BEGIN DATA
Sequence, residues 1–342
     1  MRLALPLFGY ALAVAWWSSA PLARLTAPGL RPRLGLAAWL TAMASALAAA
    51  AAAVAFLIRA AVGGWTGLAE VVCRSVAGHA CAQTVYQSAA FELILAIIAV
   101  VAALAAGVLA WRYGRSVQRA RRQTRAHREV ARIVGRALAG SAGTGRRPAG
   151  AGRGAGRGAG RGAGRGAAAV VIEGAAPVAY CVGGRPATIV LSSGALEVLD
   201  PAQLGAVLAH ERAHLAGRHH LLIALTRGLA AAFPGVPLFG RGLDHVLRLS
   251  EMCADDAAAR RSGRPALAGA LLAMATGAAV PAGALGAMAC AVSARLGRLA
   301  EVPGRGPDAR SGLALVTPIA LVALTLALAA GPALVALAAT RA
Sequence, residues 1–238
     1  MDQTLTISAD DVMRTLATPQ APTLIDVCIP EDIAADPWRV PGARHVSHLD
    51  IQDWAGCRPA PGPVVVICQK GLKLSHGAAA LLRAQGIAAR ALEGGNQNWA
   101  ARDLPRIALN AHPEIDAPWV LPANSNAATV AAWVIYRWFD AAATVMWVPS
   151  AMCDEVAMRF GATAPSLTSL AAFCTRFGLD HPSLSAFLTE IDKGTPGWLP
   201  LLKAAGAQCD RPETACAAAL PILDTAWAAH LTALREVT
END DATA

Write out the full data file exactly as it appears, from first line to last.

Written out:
Sequence, residues 1–342
     1  MRLALPLFGY ALAVAWWSSA PLARLTAPGL RPRLGLAAWL TAMASALAAA
    51  AAAVAFLIRA AVGGWTGLAE VVCRSVAGHA CAQTVYQSAA FELILAIIAV
   101  VAALAAGVLA WRYGRSVQRA RRQTRAHREV ARIVGRALAG SAGTGRRPAG
   151  AGRGAGRGAG RGAGRGAAAV VIEGAAPVAY CVGGRPATIV LSSGALEVLD
   201  PAQLGAVLAH ERAHLAGRHH LLIALTRGLA AAFPGVPLFG RGLDHVLRLS
   251  EMCADDAAAR RSGRPALAGA LLAMATGAAV PAGALGAMAC AVSARLGRLA
   301  EVPGRGPDAR SGLALVTPIA LVALTLALAA GPALVALAAT RA
Sequence, residues 1–238
     1  MDQTLTISAD DVMRTLATPQ APTLIDVCIP EDIAADPWRV PGARHVSHLD
    51  IQDWAGCRPA PGPVVVICQK GLKLSHGAAA LLRAQGIAAR ALEGGNQNWA
   101  ARDLPRIALN AHPEIDAPWV LPANSNAATV AAWVIYRWFD AAATVMWVPS
   151  AMCDEVAMRF GATAPSLTSL AAFCTRFGLD HPSLSAFLTE IDKGTPGWLP
   201  LLKAAGAQCD RPETACAAAL PILDTAWAAH LTALREVT